• V.M.L.

      Well, fandoms in Japan are very strong and dedicated. Just look at the people who are obsessed with anime & manga, and notice that girly or “kawaii” aesthetics are frequently used in marketing (specifically when it caters to young women), the media, fashion, etc. As someone who use to frequently read shoujo manga, watch anime, and go to Anime Expo, I take this news like “duh!” It’s no surprise that a beautiful, animated Disney fantasy with a princess–and queen–would be a massive hit in Japan. And let’s not forget that there are a lot of Disney fans over there, enough for Disney to give them a Disneyland & Sea! I could go on about this, but, basically, Japan is still more welcoming of feminine, female-led fantasy films than–no shocker–the US.

      • Chris Sobieniak

        And they probably already have several doujins put out based on it too!

    • One of many animators

      I do much prefer Tangled over Frozen.
      1. It was the first 3d Disney film that had a classic fairytale element to it. So I was nervous in seeing if they could pull it off and was really impressed by it.
      2. I found Rapunzel more likeable than either Anna or Elsa.
      3. Villains: I did like that twist in Frozen however I thought Mother Gothel was a far better villain.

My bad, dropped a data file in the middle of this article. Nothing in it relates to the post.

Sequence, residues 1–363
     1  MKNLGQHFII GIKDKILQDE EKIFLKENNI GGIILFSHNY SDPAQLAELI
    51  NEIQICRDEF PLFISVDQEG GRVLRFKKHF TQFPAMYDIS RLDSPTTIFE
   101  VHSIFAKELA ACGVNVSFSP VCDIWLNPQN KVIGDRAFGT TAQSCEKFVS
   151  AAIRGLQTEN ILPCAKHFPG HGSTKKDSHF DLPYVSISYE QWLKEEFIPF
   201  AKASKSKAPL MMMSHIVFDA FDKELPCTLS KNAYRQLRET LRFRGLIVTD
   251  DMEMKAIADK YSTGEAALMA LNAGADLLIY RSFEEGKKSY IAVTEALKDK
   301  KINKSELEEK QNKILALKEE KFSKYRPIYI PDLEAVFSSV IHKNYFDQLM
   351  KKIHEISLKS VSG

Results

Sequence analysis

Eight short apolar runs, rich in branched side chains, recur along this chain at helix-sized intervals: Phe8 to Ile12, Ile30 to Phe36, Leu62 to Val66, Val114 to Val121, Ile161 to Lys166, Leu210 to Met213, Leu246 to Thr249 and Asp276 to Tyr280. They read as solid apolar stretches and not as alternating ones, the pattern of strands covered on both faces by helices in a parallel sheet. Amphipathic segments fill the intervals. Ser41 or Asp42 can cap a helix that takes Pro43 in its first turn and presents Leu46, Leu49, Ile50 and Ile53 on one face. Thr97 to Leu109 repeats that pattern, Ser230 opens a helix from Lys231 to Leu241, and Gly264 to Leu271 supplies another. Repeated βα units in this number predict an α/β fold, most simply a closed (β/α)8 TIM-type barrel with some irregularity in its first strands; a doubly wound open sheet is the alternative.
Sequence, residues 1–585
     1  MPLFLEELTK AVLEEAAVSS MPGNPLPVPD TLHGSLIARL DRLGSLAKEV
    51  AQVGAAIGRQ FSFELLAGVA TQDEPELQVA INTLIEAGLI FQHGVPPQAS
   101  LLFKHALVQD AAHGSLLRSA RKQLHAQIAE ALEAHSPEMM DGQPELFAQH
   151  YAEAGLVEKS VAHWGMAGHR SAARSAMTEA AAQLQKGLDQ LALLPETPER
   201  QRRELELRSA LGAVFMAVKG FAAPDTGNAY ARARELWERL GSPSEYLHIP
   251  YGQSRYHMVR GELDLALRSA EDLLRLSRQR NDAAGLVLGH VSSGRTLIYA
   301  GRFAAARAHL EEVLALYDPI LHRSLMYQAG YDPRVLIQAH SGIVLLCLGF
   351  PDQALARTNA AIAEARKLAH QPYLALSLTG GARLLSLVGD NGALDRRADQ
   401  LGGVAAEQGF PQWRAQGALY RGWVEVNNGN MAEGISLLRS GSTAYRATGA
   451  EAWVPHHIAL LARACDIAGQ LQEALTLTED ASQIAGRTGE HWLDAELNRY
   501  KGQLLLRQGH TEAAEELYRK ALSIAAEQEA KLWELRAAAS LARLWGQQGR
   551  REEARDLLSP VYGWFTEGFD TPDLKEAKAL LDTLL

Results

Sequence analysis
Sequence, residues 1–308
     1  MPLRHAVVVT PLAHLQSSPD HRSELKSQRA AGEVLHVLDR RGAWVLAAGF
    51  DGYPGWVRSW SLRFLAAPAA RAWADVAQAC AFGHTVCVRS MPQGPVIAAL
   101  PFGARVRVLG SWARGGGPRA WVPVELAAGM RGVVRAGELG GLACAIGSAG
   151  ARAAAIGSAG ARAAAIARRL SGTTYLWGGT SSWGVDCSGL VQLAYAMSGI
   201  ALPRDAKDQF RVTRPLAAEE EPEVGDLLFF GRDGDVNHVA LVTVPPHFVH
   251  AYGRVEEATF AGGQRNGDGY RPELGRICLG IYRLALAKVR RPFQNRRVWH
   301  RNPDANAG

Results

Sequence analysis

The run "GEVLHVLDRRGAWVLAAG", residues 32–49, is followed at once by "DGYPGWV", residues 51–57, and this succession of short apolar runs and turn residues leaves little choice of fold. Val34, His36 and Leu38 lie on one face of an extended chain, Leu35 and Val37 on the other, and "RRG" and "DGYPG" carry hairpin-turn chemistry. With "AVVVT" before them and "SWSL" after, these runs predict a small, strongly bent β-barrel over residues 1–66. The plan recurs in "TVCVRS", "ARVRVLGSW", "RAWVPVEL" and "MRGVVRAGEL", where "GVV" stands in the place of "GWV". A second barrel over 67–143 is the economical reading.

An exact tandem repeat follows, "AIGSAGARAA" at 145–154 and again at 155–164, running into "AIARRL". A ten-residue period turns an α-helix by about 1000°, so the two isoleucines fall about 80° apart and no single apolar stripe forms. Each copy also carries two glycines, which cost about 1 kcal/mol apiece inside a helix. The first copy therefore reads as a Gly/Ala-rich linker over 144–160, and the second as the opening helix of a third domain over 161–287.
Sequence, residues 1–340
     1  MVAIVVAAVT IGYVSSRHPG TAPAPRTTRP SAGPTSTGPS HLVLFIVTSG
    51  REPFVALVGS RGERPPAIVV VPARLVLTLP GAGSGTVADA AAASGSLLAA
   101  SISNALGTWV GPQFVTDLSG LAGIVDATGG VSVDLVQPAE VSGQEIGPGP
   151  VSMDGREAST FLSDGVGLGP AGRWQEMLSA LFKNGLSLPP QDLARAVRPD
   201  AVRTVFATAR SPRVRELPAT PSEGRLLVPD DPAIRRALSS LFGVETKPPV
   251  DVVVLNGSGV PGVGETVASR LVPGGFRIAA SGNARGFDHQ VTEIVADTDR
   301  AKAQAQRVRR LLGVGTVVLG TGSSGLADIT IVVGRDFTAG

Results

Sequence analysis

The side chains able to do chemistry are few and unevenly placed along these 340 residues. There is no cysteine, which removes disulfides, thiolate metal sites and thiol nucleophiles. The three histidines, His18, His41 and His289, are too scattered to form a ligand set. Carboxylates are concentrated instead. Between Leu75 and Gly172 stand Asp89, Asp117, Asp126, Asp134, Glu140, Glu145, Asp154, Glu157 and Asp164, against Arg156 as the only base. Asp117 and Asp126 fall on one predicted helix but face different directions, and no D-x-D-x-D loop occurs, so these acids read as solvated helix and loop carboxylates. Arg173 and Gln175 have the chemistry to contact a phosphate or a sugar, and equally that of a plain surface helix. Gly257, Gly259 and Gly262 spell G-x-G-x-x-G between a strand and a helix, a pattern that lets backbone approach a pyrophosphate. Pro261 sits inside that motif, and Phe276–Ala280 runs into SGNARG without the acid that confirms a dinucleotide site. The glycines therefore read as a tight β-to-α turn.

4. Animation. BOTH films have great animation. But Tangled just had the Glen Keane factor! Frozen I felt was more subtle but Tangled had a nice mixture of subtle and snappiness.
      5. Colour. The two films could not have been more different but ultimately I think Tangled had a richer more colourful palette compared to Frozens subdued one.
      6. Those “buddy” characters I will put this simply.
      Pascal+Maximus>Olaf+Rock Trolls
      7. I felt that Frozen had some scenes just for fun or just for action that didn’t add to the story. Tangled…pretty all the scenes added to the plot.
      8. The “Big moment” in Tangled I thought was stringer than the one in Frozen.

      9. Somgs: OK, I am mixed on this and honestly I won’t judge an animated film (Disney or not) on its songs. That’s just me.

      Now, I have both films on Blu Ray and I love both films but if I do prefer Tangled. I think Frozen was marketed way more.